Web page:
3 LIEDER ALIVE MASTER WORKSHOP AND CONCERT SERIES The Music Salon at Salle Pianos Sunday, November 4, 2012 at 2 p.m. Marcelle Dronkers, soprano Heidi Moss, soprano Kindra Scharich, mezzo-soprano Bryan Baker, piano RICHARD STRAUSS ( ) aus Brentano-Lieder, Op. 68 (Clemens Brentano) An die Nacht Ich wollt ein Sträußlein binden Säusle, liebe Myrte RICHARD STRAUSS ( ) aus Acht Gedichte aus Letzte Blätter, Op. 10 (Hermann von Gilm) Die Nacht Allerseelen Zueignung INTERMISSION RICHARD STRAUSS ( ) Vier letzte Lieder Frühling (Hermann Hesse) September (Hermann Hesse) Beim Schlafengehen (Hermann Hesse) Im Abendrot (Joseph von Eichendorff) MAXINE BERNSTEIN, director A fiscally-sponsored affiliate of SAN FRANCISCO FRIENDS OF CHAMBER MUSIC a not-for-profit organization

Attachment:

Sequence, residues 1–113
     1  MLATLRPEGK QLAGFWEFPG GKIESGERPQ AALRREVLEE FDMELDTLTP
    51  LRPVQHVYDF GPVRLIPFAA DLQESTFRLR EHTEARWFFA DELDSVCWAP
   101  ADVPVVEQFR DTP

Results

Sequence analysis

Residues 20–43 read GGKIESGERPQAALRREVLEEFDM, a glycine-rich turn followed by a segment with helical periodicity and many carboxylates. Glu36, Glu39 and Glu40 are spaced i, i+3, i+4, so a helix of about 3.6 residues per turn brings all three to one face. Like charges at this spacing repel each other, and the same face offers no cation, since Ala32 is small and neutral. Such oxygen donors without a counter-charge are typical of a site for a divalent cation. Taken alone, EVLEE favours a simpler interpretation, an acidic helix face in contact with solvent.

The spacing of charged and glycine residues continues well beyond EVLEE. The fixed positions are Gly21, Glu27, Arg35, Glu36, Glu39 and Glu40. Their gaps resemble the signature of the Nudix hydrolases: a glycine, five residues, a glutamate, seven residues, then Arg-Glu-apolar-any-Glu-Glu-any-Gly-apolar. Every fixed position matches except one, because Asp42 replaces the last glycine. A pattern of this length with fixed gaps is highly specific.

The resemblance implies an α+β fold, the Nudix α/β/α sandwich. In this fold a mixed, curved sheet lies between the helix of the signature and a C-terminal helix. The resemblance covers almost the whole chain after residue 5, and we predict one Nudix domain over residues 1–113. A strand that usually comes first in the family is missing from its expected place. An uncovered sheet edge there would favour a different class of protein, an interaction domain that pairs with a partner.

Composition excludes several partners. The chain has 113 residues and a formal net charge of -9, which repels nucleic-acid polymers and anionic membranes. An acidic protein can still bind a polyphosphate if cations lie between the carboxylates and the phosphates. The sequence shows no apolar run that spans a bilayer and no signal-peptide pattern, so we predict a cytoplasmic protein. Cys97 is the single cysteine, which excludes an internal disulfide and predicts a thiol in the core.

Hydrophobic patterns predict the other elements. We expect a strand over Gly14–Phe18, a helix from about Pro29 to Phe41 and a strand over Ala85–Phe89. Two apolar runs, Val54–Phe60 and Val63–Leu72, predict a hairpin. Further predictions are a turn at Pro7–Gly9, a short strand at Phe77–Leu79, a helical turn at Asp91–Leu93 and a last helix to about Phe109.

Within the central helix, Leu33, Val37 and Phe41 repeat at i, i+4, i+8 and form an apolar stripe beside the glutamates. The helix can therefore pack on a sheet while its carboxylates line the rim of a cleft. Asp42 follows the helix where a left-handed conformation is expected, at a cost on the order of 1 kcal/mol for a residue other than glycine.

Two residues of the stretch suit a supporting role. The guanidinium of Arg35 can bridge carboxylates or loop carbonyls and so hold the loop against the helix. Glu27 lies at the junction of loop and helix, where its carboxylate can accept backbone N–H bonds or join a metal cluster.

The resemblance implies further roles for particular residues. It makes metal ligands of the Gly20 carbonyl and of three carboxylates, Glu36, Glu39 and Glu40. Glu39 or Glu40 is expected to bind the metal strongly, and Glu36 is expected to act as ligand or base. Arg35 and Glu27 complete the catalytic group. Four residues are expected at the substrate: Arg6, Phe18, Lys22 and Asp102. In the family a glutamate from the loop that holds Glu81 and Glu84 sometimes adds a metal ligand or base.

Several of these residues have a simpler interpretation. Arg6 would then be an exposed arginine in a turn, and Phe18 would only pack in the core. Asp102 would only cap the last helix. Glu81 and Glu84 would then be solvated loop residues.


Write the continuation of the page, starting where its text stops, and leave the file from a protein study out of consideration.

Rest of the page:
4 LIEDER ALIVE Highlights from the soprano, Marcelle Dronkers broad range of superbly reviewed appearances in opera and concert include Mozart s Fiordiligi in Cosi fan tutte; Donna Anna in Don Giovanni, and the Countess in The Marriage of Figaro; Armida in Handel s Rinaldo, and the title role in his Agrippina; Alice Ford in Nicolai s Merry Wives of Windsor; Verdi s Lady Macbeth; and Queen Elizabeth I in Roberto Devereux by Donizetti all with Pocket Opera Mozart s Mass in C Minor in Prague, Salzburg and Vienna; as soloist for Bryan Baker s Masterwork s Chorale; and Britten s War Requiem in San Francisco s Davies Hall. An avid recitalist, Ms Dronkers has collaborated with Jerome Kuderna on Wolf s Italienisches Liederbuch and an introduction to Lieder for high school students, as well as collaborations with James Meredith of SONOS Handbell Ensemble, Miles Graber and composer Henry Mollicone. She is also passionate about her role as Artistic Director and conductor of the women s ensemble, Sorelle (aka Fweeter). Ms Dronkers holds degrees from Indiana University, Bloomington, and the Royal Conservatory at The Hague, The Netherlands. She is on the Voice and Chamber MusicFaculty of Notre Dame de Namur University, and is Scholarship Chair of Pacific Musical Society. Ms Dronkers maintains a private voice studio in Kensington, where she lives with her screen writer/composer son, Christopher, and five feline foundlings. Future performances and further information can be found at www. MADDIVA.com Soprano Heidi Moss has performed regularly in the Bay area since her move from New York City in She has appeared in leading roles with Pocket Opera, San Francisco Lyric Opera, West Bay Opera, San Francisco Opera Center, Fremont Symphony, and Livermore Opera. In November of 2008 she made her debuts with the Oakland Symphony singing the Faure Requiem and with the Sacramento Choral Society and Orchestra performing the Lord Nelson Mass for which she received rave reviews. Ms. Moss has also garnered recognition in major vocal competitions, including the Metropolitan Opera National Council Auditions, (New York District first place winner), the Liederkranz Competition (winner), and the MacAllister Awards. Most recently she was one of three finalists (and the only singer) to perform in the 2008 KDFC Classical Star concert with guest artist Lang Lang. Her passion for lieder and art song has precipitated several recitals, including participation in the Paul Sperry s Joy in Singing master classes, a solo concert sponsored by the Liederkranz Foundation, and a solo concert launching the anniversary season for the Trinity Noonday Recital Series in New York City. She initiated a collaboration with celebrated Slovene classical guitarist, Tomaz Rajteric, and achieved great success from their fall 2003 concert in Ljubljana, Slovenia. In January of 2009 she was invited to record the role of Madeline in Gordon Getty s new opera, Usher House with the San Francisco Opera orchestra conducted by Ian Robertson. In March 2009 they traveled to Florida to perform another reading of the opera with the Russian National Orchestra. In addition to an active musical life, Ms. Moss graduated with a dual biology/music degree from Oberlin and spent many years as a published scientific researcher at Rockefeller University. She was also a featured soprano for Nobel laureate Dr. Jim Watson, of double-helix fame, at his numerous events at Cold Spring Harbor.